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“Calculation Tables: It’s Like Excel, Only Better” – Paul Gimbel, Razorleaf

“Calculation Tables: It’s Like Excel, Only Better” – Paul Gimbel, Razorleaf

October 23rd, 2015 / Posted by Jessica Taylor

Paul Gimbel, from DriveWorks partner, Razorleaf, is a DriveWorks enthusiast, supplier of office cookies, forum post regular, serial DriveWorks World attendee and CPD leaderboard topper.

Our partners have great knowledge of DriveWorks and Paul’s enthusiasm is clear. This means he is able to write extensive, clear, technical content about DriveWorks software and the features within it.

His most recent post on the Razorleaf blog is a brilliant example of Paul’s knowledge and experience with DriveWorks. Read the post below from the “Business Process Sherpa” to find out more about Calculation Tables in DriveWorks.

DriveWorks 12 Calculation Tables: It’s Like Excel, Only Better

A long time ago, in an automation far, far away… It is a period of engineering calculations under the flag of Microsoft Excel. Microsoft Excel has enjoyed many years of use and continues to be a weapon of choice for automators and engineers alike.

And for a while, Excel was all that we needed. Some advanced users would use VBA to write macros to further automate and to drive SOLIDWORKS models and drawings. Even DriveWorks realized the potential of Excel and up through DriveWorks 6, DriveWorks projects were created on top of Excel design masters.

But even as DriveWorks realized the limitations of Excel and the Titan engine took root, some implementations clung to Excel. The last piece of the puzzle that was needed to unseat the spreadsheet, was functionality that could calculate tables full of repetitive rules, as quickly and easily as using a spreadsheet with column fill. And thus, the calculation table was born.

What is a Calculation Table, You Say?
The Excel FILL functionality is probably the best way to think of a calculation table. Imagine that you have a worksheet with values in a few columns, and the rest of the columns filled with formulas that take the value in column C, and multiply it times the square root of the value in column D, squared plus the value in column A, minus the value in column F squared and so on and so on.

You simply fill in values in A, B, C and D then select all of the cells in that row, grab that little square dot in the lower left corner of the selection range and pull it down to instantly go from one set of calculations to 80.

Calculation tables are very similar in that you create a rule for each column that can reference other cells in the same or other columns. Then, as you add rows, the rules all propagate, taking their relative references (one cell up and five cells to the left) with them. Your columns can receive their values by using rules, for example, an index that counts by twos would just reference the cell above it and add two: =[1U] + 2.

Some of you may have picked up on the issue here. “Well what about if there is no [1U]? What does it do for the top row?”
Simple. It throws an error, just as you would expect.
You can solve this one of two ways:

    1. Along with column rules, you can take any cell in the table and override the column rule by putting in a cell rule or value for that cell only.
    2. The elegant solution is to utilize a new DriveWorks 12 function to provide a value if an error occurs: =IfError([1U]+2, 2). This means that if [1U]+2 returns an error, the function will return the value 2. Your rules can reference cells using relative references (ex. [4U,2L]), absolute references (ex.“DWCalcMyCalcTable.ColumnName1”) or you can even combine the two (ex. Indirect(“DWCalcMyCalcTable.ColumnName” & [1U]) ). And to make them even more useful, the values in the table can correspond to form controls.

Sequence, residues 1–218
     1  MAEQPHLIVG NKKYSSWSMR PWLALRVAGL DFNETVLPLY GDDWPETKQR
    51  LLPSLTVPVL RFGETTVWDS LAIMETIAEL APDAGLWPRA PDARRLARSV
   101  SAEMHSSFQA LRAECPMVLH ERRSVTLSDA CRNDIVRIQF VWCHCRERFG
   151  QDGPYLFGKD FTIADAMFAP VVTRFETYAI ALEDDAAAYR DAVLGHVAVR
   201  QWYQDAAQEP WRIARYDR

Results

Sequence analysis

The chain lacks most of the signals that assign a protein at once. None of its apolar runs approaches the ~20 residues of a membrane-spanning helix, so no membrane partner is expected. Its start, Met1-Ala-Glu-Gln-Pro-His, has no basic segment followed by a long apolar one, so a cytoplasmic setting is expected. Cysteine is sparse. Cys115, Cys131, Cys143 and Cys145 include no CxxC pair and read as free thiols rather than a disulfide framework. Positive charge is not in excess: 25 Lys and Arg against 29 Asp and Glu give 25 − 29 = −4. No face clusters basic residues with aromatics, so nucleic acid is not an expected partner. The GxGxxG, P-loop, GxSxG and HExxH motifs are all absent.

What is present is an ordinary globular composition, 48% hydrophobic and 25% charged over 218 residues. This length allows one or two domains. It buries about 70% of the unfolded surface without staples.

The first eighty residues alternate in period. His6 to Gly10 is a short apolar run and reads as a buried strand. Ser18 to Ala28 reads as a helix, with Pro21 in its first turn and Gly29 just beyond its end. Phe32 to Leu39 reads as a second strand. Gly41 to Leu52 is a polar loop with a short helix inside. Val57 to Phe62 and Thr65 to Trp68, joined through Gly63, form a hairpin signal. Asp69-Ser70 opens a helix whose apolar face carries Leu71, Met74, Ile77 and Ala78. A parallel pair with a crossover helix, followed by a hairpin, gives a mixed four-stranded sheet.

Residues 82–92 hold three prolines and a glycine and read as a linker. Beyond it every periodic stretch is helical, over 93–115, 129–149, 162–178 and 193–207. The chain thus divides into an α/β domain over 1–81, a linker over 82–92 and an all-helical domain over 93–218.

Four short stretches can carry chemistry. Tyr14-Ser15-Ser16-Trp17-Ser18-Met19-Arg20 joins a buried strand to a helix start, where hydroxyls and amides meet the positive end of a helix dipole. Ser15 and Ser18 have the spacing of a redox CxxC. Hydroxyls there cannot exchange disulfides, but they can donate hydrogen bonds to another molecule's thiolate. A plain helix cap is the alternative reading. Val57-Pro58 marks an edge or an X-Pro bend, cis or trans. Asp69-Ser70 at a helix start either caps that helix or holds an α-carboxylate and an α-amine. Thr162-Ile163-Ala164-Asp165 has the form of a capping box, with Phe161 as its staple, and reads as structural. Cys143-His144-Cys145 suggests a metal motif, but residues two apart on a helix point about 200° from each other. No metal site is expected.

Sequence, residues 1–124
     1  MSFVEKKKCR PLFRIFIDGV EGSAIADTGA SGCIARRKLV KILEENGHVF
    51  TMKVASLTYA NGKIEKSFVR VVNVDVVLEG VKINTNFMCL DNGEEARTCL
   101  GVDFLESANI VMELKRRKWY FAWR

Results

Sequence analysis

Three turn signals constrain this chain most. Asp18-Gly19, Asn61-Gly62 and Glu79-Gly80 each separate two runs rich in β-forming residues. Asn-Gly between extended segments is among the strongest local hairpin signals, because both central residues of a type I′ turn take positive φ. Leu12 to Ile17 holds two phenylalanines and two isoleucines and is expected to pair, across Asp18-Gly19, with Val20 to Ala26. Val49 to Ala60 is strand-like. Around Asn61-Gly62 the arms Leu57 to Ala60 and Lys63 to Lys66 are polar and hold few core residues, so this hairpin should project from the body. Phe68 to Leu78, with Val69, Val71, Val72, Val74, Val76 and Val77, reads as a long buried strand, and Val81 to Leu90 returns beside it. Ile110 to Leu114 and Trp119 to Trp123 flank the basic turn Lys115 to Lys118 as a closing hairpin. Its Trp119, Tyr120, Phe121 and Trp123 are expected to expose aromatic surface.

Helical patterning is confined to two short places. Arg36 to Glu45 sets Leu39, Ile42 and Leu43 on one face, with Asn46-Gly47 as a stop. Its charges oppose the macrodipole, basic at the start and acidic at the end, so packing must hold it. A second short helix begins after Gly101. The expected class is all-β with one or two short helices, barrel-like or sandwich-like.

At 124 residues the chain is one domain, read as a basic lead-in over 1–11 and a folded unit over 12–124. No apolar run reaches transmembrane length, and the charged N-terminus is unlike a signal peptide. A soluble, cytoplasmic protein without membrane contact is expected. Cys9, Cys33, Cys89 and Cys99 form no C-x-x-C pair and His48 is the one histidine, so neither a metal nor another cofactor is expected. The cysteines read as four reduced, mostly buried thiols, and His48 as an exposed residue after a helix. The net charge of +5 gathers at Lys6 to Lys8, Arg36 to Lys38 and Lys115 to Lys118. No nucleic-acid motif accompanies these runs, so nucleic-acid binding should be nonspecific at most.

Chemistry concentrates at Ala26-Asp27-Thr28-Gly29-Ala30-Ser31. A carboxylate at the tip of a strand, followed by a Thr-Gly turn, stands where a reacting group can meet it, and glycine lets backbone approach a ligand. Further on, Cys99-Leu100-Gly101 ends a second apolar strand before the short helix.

The Three Types of Calculation Table Columns
There are three types of calculation table columns:

  • Data Columns – where you use your rules to calculate values.
  • Control Input Columns – have each cell take its value from a specifically named control.
  • Control Output Columns – push their value into a specifically named control.

These controls take the name of the column and the row number (ex. …Diameter5, Diameter6, Diameter7…). Output controls will push their value to certain types of controls only, including text boxes, numeric text boxes, labels, spin buttons and sliders. List and combo box controls will not accept the outputs from calculation tables, automatically. Even outside of the calculation table, absolute references like DWCalcMyCalcTable. Diameter3 are perfectly valid to use in rules.

One use for calculation tables that we have found to be particularly helpful is the creation of dynamic user interfaces.

With macro and option buttons able to utilize images like color swatches, product variations or even dynamic text with Text Over Button, we can create a field of buttons that will reconfigure themselves. Users can make selections and apply filters such as form container width, resizing and reshuffling to make more or fewer columns and/or rows. The calculation table tracks the height, width, left and top dimensions of the control along with the images to display (unselected, selected, and hover), tooltips, error codes and more with each row corresponding to a control. To expand the number of controls, you simply add a row, copy your control, and do a little renaming and updating.

With the introduction of Calculation Tables in DriveWorks 12, the excuses for why people still use Excel have run dry and so has DriveWorks’ support for Excel-based projects.

So whether you’re managing a good number of inputs or performing a slew of identical calculations, before you start creating a bunch of indexed variables, check out Calculation Tables.

It might be the most scalable thing you do all day.

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